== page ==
In this medical malpractice case, the appellate question is what standard of review applies to an order denying a request to change venue.
Margie Kaiser had surgery at St. Joseph’s Hospital in Clinton County, Illinois. She had internal bleeding that did not resolve after the operation. She was transferred to St. Elizabeth’s Hospital in St. Clair County, Illinois, where the doctors stopped the bleeding.
Kaiser sued the doctor who did the initial surgery in Clinton County. But she filed her lawsuit in St. Clair County. The doctor asked the trial court to transfer the case to Clinton County, arguing the facts that gave rise to the injury occurred there, not in St. Clair. The court denied the doctor’s request.
The doctor appealed. She argued for de novo [no deference to trial court] review. She asserted the motion to change venue was based on agreed facts, so the appellate court only needed to decide a question of law. Kaiser argued for the more deferential manifest-weight-of-the-evidence standard. She asserted that the trial court must have made “findings it did not articulate in its order, because whether any portion of the transaction [Kaiser’s injury] occurred in St. Clair County is a factual question on which the parties disagree.”
The Fifth District Illinois Appellate Court agreed with the doctor. Here’s why:
We agree with the defendants [doctor]. At the pleading stage, we take all well-pled facts in the plaintiff’s [Kaiser’s] complaint as true … Thus, we assume that the plaintiff received negligent care in Clinton County and postoperative care in St. Clair County. We assume that the plaintiff suffered injuries as a result of blood loss and infection. We assume that the blood loss began, as alleged, during the surgery performed in Clinton County, and we assume it continued, as alleged, until surgeons in St. Clair County were able to locate the source of the bleeding and stop it. The question before us is not whether these allegations are true. Rather, the question is whether the facts that the plaintiffs alleged took place in St. Clair County formed a “part” of the transaction. In other words, we are asked to determine whether the court below correctly determined the legal effect of the facts pled by the plaintiffs. That is a legal question. We will therefore review the defendants’ contentions de novo.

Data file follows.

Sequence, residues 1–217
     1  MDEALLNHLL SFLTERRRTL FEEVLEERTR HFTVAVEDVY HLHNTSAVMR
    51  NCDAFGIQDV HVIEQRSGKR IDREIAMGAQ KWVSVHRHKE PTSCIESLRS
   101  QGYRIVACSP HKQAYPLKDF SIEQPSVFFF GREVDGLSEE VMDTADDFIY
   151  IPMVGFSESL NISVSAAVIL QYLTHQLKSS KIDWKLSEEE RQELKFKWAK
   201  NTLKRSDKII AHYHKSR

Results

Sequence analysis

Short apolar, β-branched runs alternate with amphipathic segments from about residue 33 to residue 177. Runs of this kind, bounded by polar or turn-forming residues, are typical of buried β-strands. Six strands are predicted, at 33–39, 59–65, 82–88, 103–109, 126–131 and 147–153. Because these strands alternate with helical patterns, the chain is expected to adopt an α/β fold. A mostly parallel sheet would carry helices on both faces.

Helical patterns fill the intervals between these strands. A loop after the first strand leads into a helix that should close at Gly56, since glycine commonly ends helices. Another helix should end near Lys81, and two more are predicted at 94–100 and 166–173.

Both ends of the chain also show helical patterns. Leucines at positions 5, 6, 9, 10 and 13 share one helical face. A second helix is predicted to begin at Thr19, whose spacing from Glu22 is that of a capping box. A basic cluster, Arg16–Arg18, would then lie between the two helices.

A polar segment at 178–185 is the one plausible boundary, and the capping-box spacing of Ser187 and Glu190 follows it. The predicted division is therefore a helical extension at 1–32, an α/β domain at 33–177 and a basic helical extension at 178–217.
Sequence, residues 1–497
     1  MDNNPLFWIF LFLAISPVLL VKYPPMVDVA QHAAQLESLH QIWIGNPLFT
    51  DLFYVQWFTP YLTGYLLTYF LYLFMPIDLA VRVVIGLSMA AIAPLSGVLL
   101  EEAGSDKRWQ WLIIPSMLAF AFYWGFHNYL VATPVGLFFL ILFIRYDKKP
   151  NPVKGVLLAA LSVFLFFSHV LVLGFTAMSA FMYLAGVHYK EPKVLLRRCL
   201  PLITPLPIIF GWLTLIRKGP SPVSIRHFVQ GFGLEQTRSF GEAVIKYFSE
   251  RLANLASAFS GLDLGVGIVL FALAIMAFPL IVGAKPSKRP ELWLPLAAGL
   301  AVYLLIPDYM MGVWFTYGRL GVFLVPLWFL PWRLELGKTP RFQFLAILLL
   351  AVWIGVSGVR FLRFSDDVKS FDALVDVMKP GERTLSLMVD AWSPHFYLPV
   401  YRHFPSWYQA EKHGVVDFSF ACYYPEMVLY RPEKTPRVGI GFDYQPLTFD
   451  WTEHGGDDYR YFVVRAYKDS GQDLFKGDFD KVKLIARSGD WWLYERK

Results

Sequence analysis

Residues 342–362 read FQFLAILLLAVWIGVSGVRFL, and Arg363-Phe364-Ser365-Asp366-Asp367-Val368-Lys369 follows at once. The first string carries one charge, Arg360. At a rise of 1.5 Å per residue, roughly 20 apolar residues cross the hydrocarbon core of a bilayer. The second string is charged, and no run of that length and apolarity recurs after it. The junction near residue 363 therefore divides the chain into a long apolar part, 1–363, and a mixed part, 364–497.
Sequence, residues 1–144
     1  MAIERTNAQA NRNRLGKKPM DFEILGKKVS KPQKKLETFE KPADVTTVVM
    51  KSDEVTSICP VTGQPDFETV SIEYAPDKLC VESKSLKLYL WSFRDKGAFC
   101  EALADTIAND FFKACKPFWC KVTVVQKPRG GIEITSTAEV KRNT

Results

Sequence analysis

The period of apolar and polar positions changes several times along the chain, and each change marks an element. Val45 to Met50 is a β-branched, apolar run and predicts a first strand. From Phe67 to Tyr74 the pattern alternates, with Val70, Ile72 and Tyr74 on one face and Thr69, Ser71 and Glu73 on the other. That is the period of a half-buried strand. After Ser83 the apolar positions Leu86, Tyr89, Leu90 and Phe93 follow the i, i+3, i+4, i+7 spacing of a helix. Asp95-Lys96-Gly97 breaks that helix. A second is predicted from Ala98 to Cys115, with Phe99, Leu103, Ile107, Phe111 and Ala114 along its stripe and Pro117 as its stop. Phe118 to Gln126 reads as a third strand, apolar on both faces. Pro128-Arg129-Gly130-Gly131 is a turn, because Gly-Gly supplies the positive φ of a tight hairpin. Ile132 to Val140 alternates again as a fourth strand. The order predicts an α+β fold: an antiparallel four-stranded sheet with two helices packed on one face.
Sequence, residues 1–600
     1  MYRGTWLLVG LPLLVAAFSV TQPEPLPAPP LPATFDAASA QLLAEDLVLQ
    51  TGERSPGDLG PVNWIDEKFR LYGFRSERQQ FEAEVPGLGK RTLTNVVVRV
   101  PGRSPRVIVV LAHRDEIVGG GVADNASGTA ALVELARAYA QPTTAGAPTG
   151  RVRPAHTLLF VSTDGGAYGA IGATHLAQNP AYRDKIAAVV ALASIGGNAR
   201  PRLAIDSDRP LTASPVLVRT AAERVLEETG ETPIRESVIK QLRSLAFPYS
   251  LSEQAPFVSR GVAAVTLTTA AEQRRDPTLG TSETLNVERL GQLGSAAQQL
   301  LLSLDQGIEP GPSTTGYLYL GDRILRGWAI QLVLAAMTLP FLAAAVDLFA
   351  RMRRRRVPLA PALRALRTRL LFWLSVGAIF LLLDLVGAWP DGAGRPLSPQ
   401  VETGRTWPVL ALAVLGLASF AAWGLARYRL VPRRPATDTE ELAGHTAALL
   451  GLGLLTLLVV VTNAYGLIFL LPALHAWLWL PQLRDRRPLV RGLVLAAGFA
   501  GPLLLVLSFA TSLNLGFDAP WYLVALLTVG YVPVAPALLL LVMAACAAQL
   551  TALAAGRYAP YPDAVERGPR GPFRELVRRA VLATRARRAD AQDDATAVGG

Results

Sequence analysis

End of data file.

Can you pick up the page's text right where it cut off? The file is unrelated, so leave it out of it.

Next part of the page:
In the end, the appellate court ruled that venue was proper in St.Clair County, where Kaiser had post-operative care. Read the whole opinion, Kaiser v. Doll-Pollard, No. 5-08-0247 (2/11/10), by clicking here.